The surgery was not without some of the very common post-operative effects – flare and glare around lights at night, the triggering of dry eye symptoms, and mild cystoid macular oedema, which developed in my left eye about ten days post-surgery. This resolved completely a week or so later with intensive steroid eye drop application. The dry eye symptoms are still present, but resolving slowly, and the flare around lights at night is still quite prominent, but not to the point of making it unpleasant or unsafe to drive. I suspect this particular symptom is not quite as significant as with traditional multifocal implants, but it is more pronounced than I anticipated. I expect it to improve in time.

Teleon’s Femtis IOL is made from a
hydrophilic material, with a capsularfixated
haptic design.


In terms of how the EDOF IOL has changed my visual requirements, and allowed me to be independent from spectacles, I could not be happier. As with most hyperopic presbyopes, I could not perform any kind of close work without spectacles. Computing was impossible, and simple tasks at near, that did not necessarily require reading, were very difficult prior to surgery, so I had a total dependency on glasses or contact lenses to be functional in modern life. Even if I got in a lift without glasses, I was not able to see the floor numbers on the push buttons.

I have not required any help post-surgery, and even very fine print, in good light, is easy to read. I feel like I have the vision I had at age 30, and this has made a hugely positive difference. Being actively involved with singing and music, it has made performances so much easier than when I previously had to rely on my monovision contact lens correction. In addition, I’m now better off than diners of a particular age, who arrive at a restaurant hoping they haven’t left their glasses behind!


Promoting IOLs to patients is very easy, especially to patients who have seen me on multiple occasions. I told a number of them I was considering surgery, and most of them said “Well, you get it done first, and then I’ll do it”.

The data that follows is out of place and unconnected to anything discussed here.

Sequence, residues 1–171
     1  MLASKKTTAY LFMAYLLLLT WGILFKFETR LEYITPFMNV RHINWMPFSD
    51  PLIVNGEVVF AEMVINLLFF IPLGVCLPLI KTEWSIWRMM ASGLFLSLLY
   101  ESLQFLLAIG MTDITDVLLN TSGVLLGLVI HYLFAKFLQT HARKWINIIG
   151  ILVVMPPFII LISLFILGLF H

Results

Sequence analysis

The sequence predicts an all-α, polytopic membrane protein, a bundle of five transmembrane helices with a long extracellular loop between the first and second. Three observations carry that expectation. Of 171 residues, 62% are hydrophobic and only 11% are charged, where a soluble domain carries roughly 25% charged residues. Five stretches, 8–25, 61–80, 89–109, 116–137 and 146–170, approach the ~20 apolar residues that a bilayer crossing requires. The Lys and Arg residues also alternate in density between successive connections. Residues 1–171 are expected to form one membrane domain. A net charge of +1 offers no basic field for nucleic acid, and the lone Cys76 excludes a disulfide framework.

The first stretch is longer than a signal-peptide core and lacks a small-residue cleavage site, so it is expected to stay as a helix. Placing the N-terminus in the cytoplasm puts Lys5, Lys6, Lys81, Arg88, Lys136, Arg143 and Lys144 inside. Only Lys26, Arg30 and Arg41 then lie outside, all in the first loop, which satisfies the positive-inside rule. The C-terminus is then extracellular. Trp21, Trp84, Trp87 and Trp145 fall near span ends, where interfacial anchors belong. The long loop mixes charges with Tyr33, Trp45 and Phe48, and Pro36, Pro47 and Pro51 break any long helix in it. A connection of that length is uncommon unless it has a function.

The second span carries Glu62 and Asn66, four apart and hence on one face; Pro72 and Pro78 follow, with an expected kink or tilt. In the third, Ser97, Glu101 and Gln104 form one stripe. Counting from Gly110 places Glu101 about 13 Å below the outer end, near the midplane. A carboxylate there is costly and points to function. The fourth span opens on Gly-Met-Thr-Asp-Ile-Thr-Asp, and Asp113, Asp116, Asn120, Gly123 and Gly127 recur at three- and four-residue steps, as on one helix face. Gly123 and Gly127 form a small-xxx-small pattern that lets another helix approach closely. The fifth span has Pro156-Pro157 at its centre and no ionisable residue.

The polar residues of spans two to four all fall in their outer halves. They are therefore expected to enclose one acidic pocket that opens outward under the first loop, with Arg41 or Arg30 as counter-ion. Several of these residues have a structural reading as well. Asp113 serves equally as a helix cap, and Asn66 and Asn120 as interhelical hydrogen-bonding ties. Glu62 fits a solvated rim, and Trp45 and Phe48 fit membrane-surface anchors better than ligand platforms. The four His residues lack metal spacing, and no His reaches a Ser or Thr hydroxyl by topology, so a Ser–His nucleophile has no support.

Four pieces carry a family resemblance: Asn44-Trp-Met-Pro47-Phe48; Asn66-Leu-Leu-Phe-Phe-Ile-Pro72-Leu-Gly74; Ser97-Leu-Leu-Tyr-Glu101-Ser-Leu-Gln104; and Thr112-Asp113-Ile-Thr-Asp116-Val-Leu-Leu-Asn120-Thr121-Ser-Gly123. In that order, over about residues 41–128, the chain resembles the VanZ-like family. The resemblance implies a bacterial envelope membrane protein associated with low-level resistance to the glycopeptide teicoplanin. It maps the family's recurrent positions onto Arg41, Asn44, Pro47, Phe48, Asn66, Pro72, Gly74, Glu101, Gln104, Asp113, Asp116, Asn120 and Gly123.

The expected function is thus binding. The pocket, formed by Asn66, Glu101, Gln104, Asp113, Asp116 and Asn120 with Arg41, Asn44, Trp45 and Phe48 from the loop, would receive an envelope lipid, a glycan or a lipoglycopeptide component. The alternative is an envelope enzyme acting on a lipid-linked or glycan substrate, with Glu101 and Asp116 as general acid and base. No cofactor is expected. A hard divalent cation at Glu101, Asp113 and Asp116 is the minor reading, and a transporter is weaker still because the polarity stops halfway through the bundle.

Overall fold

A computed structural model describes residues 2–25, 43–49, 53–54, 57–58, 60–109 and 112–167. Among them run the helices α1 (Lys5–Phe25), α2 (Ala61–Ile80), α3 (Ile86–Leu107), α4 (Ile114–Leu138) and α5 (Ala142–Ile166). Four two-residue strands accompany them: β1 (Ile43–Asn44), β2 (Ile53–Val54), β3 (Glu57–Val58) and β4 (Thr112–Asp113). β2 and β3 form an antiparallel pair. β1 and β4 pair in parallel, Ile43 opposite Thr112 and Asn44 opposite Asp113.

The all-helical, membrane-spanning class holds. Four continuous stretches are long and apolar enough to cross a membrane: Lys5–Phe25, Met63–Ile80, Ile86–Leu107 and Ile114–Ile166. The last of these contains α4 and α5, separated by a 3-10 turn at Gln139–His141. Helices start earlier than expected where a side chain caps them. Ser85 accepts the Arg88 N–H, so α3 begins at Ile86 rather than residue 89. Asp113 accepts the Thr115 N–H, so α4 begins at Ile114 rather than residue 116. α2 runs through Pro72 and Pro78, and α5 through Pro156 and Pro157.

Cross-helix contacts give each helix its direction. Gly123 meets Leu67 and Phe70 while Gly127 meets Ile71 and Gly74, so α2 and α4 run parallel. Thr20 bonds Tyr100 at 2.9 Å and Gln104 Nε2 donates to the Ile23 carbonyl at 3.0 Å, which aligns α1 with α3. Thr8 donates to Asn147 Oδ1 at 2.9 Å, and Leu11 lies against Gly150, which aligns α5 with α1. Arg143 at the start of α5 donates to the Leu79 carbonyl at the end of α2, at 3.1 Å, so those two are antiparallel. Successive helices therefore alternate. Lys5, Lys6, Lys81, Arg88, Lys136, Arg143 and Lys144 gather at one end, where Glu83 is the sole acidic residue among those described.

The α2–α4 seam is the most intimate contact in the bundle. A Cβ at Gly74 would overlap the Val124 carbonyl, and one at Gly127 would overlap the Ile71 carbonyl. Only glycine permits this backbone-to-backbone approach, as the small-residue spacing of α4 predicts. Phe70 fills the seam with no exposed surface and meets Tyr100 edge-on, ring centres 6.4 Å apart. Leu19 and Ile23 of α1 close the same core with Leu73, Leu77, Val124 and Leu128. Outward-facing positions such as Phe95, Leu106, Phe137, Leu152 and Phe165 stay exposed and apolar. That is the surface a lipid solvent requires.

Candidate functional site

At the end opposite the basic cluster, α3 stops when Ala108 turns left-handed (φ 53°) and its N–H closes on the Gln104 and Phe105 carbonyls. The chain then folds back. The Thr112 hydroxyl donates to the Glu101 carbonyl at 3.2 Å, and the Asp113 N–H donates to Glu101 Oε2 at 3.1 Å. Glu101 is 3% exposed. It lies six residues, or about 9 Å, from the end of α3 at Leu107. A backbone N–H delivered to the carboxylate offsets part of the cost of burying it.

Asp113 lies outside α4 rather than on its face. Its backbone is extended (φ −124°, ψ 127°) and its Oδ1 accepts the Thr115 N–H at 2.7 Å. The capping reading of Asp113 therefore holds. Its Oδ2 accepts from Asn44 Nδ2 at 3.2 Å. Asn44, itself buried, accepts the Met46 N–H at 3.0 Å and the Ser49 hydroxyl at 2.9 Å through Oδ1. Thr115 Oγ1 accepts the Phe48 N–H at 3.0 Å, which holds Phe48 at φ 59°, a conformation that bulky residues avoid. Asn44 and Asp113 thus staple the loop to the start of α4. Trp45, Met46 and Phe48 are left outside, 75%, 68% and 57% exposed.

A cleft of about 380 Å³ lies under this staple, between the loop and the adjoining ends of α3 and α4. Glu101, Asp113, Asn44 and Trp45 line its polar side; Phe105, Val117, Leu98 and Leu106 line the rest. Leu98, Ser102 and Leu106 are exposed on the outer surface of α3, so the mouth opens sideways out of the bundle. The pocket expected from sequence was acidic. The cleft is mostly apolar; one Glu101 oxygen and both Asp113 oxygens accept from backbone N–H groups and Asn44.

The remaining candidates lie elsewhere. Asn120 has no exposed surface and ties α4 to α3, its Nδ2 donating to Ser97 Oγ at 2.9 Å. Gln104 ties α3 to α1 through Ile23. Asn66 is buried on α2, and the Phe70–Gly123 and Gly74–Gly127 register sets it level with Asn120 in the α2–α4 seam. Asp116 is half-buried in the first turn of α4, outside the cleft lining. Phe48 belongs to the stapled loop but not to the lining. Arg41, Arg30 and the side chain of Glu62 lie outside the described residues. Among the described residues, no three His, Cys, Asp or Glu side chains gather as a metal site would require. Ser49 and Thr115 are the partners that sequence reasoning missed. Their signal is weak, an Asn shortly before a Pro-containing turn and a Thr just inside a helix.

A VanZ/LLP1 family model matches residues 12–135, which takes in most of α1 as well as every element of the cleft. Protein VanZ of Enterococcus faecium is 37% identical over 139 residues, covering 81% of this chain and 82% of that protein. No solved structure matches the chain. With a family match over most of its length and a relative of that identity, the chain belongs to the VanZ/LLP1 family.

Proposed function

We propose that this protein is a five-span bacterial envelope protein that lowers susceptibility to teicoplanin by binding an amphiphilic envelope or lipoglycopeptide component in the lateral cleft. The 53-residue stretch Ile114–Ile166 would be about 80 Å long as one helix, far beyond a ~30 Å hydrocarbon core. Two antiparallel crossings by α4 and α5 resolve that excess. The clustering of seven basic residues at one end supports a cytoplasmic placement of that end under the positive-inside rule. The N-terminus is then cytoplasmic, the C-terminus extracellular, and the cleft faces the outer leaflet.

While they trust my recommendations, I am very upfront about the potential for post-operative complications, such as the dry eye symptoms, glare, and conditions like cystoid macular oedema, as these are common and need good management.

Darrell Baker

When you are thrilled by an outcome, it’s easy to imbibe a positive context to any recommendation, and I am particularly thrilled (and positive) when recommending EDOF technology. The visual outcome, if you are sensitive to its subtleties, is amazingly natural. With EDOF lens technology, there is a smooth and seamless progression in the focus at any distance. There is no requirement to adopt a particular head or eye posture to see anywhere, and although difficult to appreciate or assess, I am amazed at how objects at different distances are simultaneously in clear focus. It’s remarkable.

Recommending surgery to patients in an optometric practice is easy, and in my mind, it’s a professional obligation to talk about all options for vision correction. You would be doing your patients a disservice if you did not mention refractive surgery as a potential path to clear vision and perhaps full spectacle independence. Whether they choose surgery or not, these patients will make an informed choice, and require ocular health checks for the remainder of their lives.

In our practices, where we are aiming to develop our fee for service model that does not rely on the sale of product, this philosophy works well.

Darrell Baker was the President of Optometry Australia from 2018 to 2021 and is a director of Bullseye Clinic in Western Australia.

Teleon Comfort EDOF IOL

Due to its advanced refractive blended segmental design, the Teleon Comfort EDOF IOL is an ideal choice for cataract patients who want greater spectacle independence in everyday situations, whether it be using modern technology, working or recreational activities.

The EDOF +1.5D near addition provides a smooth focal range from infinity to around 55cm. Its refractive segmental design minimises loss of contrast sensitivity, as well as glare and halos, often experienced with multifocal IOLs.

Teleon’s EDOF optics are available in hydrophilic and hydrophobic material as well as plate, c-loop and capsular-fixated haptic designs.

Distributed in Australia by Device Technologies (AUS) 1300 338 423.